The Stress Test Charade
by Petrino DiLeo
11 May 09 | SWO
Petrino DiLeo examines the Obama administration’s “stress tests” of major banks and shows how they were rigged to provide a positive result.
With great fanfare, the federal government late last week announced the results of its “stress tests” of 19 major banks.
The tests–designed to see how much capital banks might need if certain “worst case scenarios” played out–concluded that the banks collectively would need $74.6 billion in fresh capital to survive $599.2 billion in losses. That’s a lot of money. But every single bank, even the worst off, was judged to be solid, provided it raised the extra money.
The announcement came with pronouncements of success from the Obama administration, and was roundly cheers by the mainstream media. “The results released today should provide considerable comfort to investors and the public,” Fed Chair Ben Bernanke said in a statement. Edward Yingling, president of the American Bankers Association declared, “The results of the stress tests should put to rest the harmful speculation we have seen over the past few months.”
Bank of America was judged to be in need of the most money–$33.9 billion in additional capital. Wells Fargo and Citigroup were next, at $13.7 billion and $5.5 billion respectively. Seven other banks need between $600 million and $2.5 billion while nine institutions were deemed to not need any additional funds.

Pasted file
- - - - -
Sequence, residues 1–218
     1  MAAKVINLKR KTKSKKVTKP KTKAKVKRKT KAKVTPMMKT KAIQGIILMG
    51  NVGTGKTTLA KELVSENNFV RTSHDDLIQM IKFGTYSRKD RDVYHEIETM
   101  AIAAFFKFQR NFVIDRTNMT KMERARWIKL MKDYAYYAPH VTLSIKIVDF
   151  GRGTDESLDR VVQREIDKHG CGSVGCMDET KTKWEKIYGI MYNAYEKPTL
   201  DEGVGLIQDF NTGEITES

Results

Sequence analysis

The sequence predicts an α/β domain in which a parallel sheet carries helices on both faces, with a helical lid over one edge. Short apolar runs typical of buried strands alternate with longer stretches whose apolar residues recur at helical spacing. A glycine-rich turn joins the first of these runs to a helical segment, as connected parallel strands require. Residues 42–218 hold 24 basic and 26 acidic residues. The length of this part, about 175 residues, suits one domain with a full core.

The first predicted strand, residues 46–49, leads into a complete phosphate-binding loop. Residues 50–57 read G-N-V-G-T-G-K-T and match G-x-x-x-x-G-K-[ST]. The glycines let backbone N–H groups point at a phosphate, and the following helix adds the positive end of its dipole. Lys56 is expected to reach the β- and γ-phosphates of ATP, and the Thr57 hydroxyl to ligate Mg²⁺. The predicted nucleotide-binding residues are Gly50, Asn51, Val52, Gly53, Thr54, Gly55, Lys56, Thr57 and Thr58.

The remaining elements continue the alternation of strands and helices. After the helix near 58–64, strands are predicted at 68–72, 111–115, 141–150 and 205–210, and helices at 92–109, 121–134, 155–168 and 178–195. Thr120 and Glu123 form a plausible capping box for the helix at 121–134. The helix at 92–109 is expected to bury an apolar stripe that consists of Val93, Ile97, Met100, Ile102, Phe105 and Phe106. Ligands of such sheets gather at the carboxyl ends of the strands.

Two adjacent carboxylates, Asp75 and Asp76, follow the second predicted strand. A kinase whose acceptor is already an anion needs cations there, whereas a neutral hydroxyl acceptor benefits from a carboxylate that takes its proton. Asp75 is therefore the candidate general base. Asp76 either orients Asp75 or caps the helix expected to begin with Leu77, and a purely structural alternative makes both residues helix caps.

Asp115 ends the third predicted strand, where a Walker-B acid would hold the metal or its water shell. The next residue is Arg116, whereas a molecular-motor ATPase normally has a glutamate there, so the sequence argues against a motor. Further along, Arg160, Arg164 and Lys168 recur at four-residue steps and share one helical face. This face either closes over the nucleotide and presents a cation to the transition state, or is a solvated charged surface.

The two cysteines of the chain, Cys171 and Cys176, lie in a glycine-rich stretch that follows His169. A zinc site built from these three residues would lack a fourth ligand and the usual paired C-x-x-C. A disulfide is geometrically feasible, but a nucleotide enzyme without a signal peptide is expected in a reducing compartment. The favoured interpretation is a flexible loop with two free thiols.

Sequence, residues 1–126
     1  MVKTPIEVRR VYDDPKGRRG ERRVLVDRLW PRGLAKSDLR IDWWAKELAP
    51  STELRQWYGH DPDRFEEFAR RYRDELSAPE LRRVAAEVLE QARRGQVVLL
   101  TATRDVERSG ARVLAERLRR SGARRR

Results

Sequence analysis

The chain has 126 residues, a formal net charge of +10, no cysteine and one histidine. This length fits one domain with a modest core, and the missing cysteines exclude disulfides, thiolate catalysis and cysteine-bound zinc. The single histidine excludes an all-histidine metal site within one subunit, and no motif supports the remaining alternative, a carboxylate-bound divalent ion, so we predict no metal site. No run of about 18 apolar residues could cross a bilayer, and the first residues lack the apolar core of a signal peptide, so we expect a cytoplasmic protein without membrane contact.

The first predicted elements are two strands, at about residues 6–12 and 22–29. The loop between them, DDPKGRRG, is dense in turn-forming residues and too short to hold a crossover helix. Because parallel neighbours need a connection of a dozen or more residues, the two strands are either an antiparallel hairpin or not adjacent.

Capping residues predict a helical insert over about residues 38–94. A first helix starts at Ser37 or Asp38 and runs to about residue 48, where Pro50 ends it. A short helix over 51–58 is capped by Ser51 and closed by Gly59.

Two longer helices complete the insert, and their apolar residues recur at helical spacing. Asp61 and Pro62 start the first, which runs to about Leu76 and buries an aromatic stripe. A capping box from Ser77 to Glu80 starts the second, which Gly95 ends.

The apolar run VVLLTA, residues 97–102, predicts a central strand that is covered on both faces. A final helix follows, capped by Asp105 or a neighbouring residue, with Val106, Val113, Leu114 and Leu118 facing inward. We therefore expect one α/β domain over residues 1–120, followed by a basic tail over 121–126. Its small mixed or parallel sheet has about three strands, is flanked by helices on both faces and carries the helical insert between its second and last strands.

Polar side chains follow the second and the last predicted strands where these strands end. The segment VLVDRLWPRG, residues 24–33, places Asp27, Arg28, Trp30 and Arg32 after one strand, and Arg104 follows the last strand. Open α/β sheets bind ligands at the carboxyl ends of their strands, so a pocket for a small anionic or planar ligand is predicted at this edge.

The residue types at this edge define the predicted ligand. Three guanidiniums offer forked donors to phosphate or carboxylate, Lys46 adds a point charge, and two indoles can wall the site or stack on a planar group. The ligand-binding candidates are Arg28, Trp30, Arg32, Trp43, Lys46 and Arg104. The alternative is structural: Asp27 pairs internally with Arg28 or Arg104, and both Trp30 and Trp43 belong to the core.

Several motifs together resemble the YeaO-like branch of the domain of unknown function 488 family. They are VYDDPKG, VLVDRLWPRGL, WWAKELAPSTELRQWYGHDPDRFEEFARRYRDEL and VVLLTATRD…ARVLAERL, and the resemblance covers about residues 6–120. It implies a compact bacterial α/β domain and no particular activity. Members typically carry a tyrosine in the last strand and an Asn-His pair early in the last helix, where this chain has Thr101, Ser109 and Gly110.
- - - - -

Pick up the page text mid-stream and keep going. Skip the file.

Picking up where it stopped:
But there are a few of problems with the triumphant scenario projected by the Treasury Department and its cheerleaders in the media.
First, the stress tests weren’t all that stressful–they didn’t allow for the real scale of possible losses to come, say analysts. Second, the discussion of the results neatly skirts the issue of how exactly banks are supposed to come up $74.6 billion–the money is supposed to come from private markets, but no one is yet buying banks’ bad assets.
Third, the banks won big concessions from the government on what figures were finally reported. And last, the government is imposing a lenient condition on banks by allowing a Tier 1 capital ratio of 4 percent–which means banks could still have 25 times more money committed than assets to cover potential losses, which hardly provides much of a cushion for future crises. >>>